Desperate to recover — in large part by sharing in England’s international trade — the Scots agreed to the 1707 Acts of Union, which created Great Britain as a political union of England and Scotland.

The Scottish contingent at the International Society of Weekly Newspaper Editors (ISWNE) annual conference, which was held in Durango, Colorado, last June. From left: Julian Calvert, senior lecturer at Glasgow Caledonian University, having previously edited newspapers in England and Scotland; Scott Reid, group production journalist for the daily Glasgow Herald and the weekly Sunday Herald, both national Scottish papers; Roisin McGroarty, editor of the weekly Irvine Times on the west cost of Scotland and publisher of a quarterly magazine, the Stewarton Advertiser. (Photo by Lynn Axelrod)

While in Durango, I had the honor of receiving ISWNE’s Eugene Cervi award for career achievement and also gave a talk based my new book, The Light on the Coast: 65 Years of News Big and Small as Reported in The Point Reyes Light. Lynn and I met scores of editors from throughout the English-speaking world.

Among the foreign journalists we met was Scott Reid of Scotland (above center). Interestingly, he works for a pair of sister newspapers that took opposing positions in their endorsements regarding Scottish independence. In the wake of the referendum’s defeat, Reid has given his fellow ISWNE members a copy of his observations to share.

This little country cannot be taken for granted

By Scott Reid
For more than two years, those of us working in Scottish journalism have been privileged to have a front row seat as history was made in our country.

The nation faced a simple question – Should Scotland be an independent country? The answer wasn’t so simple. And the tale of how Scotland, a nation of five million people, at one point looked on the verge of making a decision that would send shockwaves around the world will be talked about for decades to come.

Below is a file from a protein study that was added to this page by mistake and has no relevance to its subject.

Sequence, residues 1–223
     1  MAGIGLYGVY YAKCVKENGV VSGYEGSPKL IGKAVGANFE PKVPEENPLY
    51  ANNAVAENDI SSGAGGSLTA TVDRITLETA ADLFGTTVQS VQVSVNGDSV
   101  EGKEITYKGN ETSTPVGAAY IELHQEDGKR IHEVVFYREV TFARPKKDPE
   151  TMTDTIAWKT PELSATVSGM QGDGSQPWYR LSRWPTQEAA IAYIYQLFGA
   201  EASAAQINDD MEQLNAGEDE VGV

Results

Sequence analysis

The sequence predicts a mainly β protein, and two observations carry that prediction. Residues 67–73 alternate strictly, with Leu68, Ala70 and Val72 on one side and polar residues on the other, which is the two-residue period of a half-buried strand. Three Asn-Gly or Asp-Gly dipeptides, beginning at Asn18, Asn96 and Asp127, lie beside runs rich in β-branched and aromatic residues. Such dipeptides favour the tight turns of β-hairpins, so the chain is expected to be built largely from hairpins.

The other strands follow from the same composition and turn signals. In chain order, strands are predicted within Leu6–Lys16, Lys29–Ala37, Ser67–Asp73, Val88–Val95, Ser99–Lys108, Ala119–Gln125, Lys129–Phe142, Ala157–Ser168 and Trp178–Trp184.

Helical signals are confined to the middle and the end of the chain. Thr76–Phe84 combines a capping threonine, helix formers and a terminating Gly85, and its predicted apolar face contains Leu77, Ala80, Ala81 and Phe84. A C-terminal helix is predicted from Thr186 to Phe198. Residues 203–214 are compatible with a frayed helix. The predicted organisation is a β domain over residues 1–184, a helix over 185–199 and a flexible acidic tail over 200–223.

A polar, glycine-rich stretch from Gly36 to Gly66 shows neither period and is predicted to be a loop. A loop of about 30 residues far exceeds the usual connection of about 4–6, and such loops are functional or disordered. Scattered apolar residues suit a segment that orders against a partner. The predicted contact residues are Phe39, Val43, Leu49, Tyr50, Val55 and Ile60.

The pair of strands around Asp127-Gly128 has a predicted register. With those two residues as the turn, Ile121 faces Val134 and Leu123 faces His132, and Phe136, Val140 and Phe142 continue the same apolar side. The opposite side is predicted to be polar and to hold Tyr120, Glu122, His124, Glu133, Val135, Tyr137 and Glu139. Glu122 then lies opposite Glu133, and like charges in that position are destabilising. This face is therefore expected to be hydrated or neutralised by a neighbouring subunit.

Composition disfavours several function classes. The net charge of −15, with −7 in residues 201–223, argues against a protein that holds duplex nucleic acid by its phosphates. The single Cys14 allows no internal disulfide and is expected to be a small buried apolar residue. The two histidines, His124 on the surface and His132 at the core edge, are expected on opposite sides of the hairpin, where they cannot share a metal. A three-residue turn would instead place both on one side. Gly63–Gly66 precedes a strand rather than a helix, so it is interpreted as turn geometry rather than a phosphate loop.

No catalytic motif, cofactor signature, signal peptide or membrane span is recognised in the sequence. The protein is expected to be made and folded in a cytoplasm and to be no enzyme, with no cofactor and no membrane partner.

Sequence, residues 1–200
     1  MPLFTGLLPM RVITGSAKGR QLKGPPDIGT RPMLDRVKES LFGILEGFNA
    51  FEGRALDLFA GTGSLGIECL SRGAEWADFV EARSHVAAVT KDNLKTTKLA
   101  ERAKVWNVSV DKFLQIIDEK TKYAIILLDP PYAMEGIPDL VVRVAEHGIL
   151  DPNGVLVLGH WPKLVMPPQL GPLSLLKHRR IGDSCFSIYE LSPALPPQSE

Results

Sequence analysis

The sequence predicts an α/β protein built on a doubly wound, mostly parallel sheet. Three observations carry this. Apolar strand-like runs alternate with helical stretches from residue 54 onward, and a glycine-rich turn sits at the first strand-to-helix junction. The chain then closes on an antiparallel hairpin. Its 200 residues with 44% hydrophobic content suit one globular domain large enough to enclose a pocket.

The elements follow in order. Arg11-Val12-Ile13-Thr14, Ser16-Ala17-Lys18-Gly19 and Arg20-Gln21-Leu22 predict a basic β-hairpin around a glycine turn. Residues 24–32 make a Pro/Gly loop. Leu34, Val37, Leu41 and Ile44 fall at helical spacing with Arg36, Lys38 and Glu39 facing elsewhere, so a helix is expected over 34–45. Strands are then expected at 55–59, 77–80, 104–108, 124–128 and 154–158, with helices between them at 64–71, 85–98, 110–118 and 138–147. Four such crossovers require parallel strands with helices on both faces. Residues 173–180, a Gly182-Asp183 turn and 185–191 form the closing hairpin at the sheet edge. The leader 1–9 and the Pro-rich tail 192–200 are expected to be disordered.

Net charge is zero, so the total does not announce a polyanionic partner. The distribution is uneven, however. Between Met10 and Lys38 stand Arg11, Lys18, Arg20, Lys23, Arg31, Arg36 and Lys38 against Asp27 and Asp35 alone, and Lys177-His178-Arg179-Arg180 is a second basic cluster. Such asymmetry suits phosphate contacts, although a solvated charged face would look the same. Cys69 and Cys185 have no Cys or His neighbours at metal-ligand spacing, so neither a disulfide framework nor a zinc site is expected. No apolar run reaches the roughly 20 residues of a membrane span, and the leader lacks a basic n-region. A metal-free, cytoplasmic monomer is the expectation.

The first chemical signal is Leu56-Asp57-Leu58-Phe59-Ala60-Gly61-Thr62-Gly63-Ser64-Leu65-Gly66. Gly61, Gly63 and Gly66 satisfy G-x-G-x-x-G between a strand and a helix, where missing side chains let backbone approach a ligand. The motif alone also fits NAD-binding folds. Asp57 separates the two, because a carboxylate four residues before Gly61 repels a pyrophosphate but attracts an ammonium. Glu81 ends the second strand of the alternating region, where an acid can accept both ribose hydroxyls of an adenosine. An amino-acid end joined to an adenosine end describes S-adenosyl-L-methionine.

To say the Scottish people were transfixed by the prospect of independence from the outset would be to lie, frankly.

Scott Reid, who wrote these observations, (right).

The Scottish National Party (SNP), which has campaigned for independence for Scotland from the U.K. for many decades, won a landslide majority in the Scottish Parliament in 2011 because it had governed well for the previous term, rather than due to any great interest in this particular policy.

An agreement with Westminster was made for a referendum to be held. And most people, while appreciating the historic nature of this, got on with their lives.

In the months leading up to the vote, the atmosphere changed. In May, a paper I work for, the Sunday Herald, backed a Yes vote. This was no overnight switch – the tone of the paper had been moving in that direction for some time. The response was incredible. Sales rocketed and continued to fly as the weeks went on. In one recent week after the referendum sales of the paper year-on-year actually doubled to 49,291.

After two television debates between Alex Salmond of the SNP and former U.K. chancellor Alistair Darling of the No camp – one which was broadcast around the world and even picked up by C-Span – huge viewing figures showed that the public was now on-board with this process.

“I firmly believe that distance adds enchantment to the bagpipes” — William Butler Yeats’ jest, not Scott Reid’s

After the second debate, won by Salmond, the No campaign had a wobbly period. The polls narrowed. There was something in the air. I increasingly wondered if change was afoot.

Then a poll showed Yes ahead. 51% to 49%. And all hell broke loose. The markets shook, there was talk of both the U.K. Prime Minister and the U.K. leader of the opposition having to resign if they lost the vote, the issue dominated the front pages of papers in Scotland and throughout the U.K., and clearly had an impact beyond.

In response, the Prime Minister, Deputy Prime Minister and leader of the opposition charged up to Scotland to try to retrieve the situation and offer Scots more powers for the Scottish Parliament.

Throughout the final weeks, our papers were dominated by the referendum. On a daily basis The Herald contained 10 full broadsheet pages on the topic, featuring news, columnists, and occasionally four pages full of letters. The Sunday Herald, which had declared its position early doors, was also dominated by the topic.

Counter to its Sunday sister paper, The Herald decided to back the No side a few days before the vote after Westminster leaders promised extra powers for the Scottish Parliament. However, it warned that if much enhanced extra powers for the Scottish Parliament promised were not delivered then another referendum should follow suit, and the No side would deserve to lose.

It was an articulate case and one that even met with approval from many of those on the Yes side. Both papers have different editors and were given free reign by their owners to come to their own conclusions.